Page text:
Mesenchymal stem cells (MSCs) are known to have many notable features, especially their multiple differentiation ability and immunoregulatory capacity. MSCs are important stem cells in the bone marrow (BM), and their characteristics are affected by the BM microenvironment. However, effects of the BM microenvironment on the properties of MSCs are not well understood. In this study, we found that BM from aged mice decreased MSC colony formation. Flow cytometry data showed that the proportion of B220(+) cells in BM from aged mice was significantly lower than that in BM from young mice, while the proportion of CD11b(+), CD3(+), Gr-1(+), or F4/80(+) cells are on the contrary. CD11b(+), B220(+), and Ter119(+) cells from aged mice were not the subsets that decreased MSC colony formation. We further demonstrated that both BM from aged mice and young mice exhibited similar effects on the proliferation of murine MSC cell line C3H10T1/2. However, when cocultured with BM from aged mice, C3H10T1/2 showed slower migration ability. In addition, we found that phosphorylation of JNK (c-Jun N-terminal kinases) in C3H10T1/2 cocultured with BM from aged mice was lower than that in C3H10T1/2 cocultured with BM from young mice. Collectively, our data revealed that BM from aged mice could decrease the migration of MSCs from their niche through regulating the JNK pathway. PMID:25693923

Yang, Yan-Mei; Li, Ping; Cui, Dian-Chao; Dang, Rui-Jie; Zhang, Lei; Wen, Ning; Jiang, Xiao-Xia

2015-04-01

224

The effect of Kisspeptin-10 on mesenchymal stem cells migration in vitro and in vivo  

PubMed Central

Background: Kisspeptins (kp) activate a receptor coupled to a G?q subunit (GPR54 or KiSS-1R) receptor to perform a variety of functions, including inhibition of cell motility, chemotaxis, and metastasis. In this study we have investigated whether kp-10, the most potent member of the kisspeptin family, can modulate CXCR4 (C-X-C chemokine receptor type 4) expression and mesenchymal stem cells (MSCs) migration that may influence the development of tumors. Materials and Methods: We compared the directional migration of MSCs treated with 10-100 or 500 nM kp-10 for 24 hours and no treated cells using an in vitro transmembrane migration assay. In addition, Chloromethylbenzamido Dialkylacarbocyanine (CM-Dil) labeled adipose-derived mesenchymal stem cells treated with 10-100 or 500 nM kp-10 and no treated cells were transfused via the tail vein to the melanoma tumor bearing C57BL/6 mice. After 24 hours, the mice were scarified, the tumors were dissected, and the tumor cell suspensions were analyzed by flow cytometry for detection of CM-Dil+ MSCs. Results: We have found that kp-10 increased the MSCs migration at 100 nM, while it decreased the MSCs migration at 500 nM, both in vitro and in vivo, with a significant increase of CXCR4 expression at 100 nM kp-10 compared to the no treated cells, but it had no significant difference between the various concentrations of kp-10. Conclusion: Thus, our data showed that kp-10 can differently affect MSCs migration in various concentrations, probably through different effects on CXCR4 expression in various concentrations. PMID:25709985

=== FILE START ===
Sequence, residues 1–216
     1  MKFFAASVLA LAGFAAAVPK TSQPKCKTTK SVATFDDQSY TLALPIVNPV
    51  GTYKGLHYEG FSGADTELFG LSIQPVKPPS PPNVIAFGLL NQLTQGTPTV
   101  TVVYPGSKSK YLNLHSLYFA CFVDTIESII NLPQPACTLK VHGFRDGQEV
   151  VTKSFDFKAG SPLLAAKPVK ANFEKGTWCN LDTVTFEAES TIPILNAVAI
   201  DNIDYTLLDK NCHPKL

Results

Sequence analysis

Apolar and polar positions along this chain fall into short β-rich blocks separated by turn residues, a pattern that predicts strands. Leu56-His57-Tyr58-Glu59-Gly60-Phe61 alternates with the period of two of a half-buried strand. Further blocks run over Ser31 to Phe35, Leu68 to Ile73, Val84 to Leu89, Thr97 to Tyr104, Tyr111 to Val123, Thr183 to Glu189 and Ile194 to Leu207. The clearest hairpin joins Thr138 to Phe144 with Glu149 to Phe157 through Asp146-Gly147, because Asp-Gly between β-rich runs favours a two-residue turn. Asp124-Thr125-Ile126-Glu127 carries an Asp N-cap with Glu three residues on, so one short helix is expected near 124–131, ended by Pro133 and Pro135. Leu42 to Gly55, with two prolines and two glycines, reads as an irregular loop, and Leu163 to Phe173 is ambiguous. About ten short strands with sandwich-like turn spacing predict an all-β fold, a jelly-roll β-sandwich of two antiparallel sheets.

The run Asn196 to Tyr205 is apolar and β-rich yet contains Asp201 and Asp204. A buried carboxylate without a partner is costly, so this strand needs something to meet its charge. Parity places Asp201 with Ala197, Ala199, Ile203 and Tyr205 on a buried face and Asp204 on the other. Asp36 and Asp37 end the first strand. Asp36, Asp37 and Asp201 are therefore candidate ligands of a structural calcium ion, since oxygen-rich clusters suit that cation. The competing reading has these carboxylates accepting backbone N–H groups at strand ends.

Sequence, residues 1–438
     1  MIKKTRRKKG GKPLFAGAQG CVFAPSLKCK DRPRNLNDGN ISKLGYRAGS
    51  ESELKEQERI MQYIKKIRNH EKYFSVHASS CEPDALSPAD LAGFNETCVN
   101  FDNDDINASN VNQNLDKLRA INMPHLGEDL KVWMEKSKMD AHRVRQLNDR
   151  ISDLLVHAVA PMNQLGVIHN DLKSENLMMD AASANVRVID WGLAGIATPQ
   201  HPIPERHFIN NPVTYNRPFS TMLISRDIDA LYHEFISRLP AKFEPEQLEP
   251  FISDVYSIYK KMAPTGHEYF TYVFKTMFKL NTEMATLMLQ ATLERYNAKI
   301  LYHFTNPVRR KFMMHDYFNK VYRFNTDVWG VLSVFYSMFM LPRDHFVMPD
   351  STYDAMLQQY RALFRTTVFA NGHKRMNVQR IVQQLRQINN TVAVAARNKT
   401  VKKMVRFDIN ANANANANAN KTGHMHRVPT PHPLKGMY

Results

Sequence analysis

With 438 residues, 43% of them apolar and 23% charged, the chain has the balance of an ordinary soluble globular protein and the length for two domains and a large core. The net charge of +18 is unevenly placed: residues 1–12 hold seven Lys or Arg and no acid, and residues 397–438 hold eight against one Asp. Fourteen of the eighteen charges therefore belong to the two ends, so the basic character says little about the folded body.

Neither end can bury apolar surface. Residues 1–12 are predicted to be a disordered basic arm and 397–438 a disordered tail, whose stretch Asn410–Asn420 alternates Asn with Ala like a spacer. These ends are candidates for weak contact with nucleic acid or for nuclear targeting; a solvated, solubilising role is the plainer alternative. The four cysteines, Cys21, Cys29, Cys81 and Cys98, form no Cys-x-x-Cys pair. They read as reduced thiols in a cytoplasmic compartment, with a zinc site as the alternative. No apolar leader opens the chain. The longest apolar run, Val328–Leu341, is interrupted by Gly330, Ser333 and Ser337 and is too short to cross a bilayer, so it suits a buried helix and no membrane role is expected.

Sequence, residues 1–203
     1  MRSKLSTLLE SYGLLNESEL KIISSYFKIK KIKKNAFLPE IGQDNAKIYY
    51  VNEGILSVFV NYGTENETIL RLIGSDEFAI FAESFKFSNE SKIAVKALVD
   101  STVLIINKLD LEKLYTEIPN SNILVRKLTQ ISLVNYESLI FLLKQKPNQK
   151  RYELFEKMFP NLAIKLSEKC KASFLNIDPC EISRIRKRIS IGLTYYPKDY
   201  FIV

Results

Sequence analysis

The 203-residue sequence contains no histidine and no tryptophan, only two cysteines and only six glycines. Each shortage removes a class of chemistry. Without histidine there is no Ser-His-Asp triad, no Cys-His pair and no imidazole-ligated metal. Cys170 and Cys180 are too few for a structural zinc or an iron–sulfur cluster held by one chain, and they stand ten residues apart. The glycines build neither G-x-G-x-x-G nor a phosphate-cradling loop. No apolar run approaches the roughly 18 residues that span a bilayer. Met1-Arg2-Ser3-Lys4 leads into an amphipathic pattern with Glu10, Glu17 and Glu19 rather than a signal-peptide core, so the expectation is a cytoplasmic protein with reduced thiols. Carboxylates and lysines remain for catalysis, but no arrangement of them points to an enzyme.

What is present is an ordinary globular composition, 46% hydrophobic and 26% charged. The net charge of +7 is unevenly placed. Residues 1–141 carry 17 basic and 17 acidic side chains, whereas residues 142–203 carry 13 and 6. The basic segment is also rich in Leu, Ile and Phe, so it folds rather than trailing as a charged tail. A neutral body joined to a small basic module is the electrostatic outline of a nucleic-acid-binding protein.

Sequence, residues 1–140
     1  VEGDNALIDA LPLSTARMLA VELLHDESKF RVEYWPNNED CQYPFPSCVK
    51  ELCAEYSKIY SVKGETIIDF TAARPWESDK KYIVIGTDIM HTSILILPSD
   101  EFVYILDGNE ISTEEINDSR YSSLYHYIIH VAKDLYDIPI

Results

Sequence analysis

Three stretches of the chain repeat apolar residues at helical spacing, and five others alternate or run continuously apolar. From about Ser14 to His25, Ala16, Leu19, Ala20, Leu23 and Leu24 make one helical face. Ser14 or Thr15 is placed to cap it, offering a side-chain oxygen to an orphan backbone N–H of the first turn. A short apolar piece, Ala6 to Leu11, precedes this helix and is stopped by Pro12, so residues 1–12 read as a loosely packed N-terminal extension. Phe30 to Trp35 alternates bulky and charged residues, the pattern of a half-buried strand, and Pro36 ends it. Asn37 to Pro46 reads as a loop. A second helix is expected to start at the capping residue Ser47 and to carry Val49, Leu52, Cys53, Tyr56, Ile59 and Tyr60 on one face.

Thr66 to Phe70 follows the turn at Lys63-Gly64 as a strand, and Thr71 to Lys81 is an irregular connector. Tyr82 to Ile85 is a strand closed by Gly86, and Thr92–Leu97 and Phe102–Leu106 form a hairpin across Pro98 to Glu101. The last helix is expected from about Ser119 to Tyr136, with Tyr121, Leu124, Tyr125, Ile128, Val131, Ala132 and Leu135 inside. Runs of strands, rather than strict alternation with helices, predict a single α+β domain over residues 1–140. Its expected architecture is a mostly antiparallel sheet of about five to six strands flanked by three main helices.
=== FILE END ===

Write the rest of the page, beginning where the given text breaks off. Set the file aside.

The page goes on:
Golzar, Fatemeh; Javanmard, Shaghayegh Haghjooy; Bahrambeigi, Vahid; Rafiee, Laleh

2015-01-01

225

``Stemness'': Transcriptional Profiling of Embryonic and Adult Stem Cells  

Microsoft Academic Search

The transcriptional profiles of mouse embryonic, neural, and hematopoietic stem cells were compared to define a genetic program for stem cells. A total of 216 genes are enriched in all three types of stem cells, and several of these genes are clustered in the genome. When compared to differentiated cell types, stem cells express a significantly higher number of genes

Miguel Ramalho-Santos; Soonsang Yoon; Yumi Matsuzaki; Richard C. Mulligan; Douglas A. Melton

2002-01-01

226

Hepatic differentiation capability of rat bone marrow-derived mesenchymal stem cells and hematopoietic stem cells  

Microsoft Academic Search

AIM: To investigate the different effects of mesenchymal stem cells (MSCs) and hematopoietic stem cells (HSCs) on hepatic differentiation. METHODS: MSCs from rat bone marrow were isolated and cultured by standard methods. HSCs from rat bone marrow were isolated and purified by magnetic activated cell sorting. Both cell subsets were induced. Morphology, RT-PCR and immunocytochemistry were used to identify the

Sai-Nan Shu; Lai Wei; Jiang-Hua Wang; Yu-Tao Zhan; Hong-Song Chen; Yu Wang

2004-01-01

227

Stem cell transplantation in neurological diseases: improving effectiveness in animal models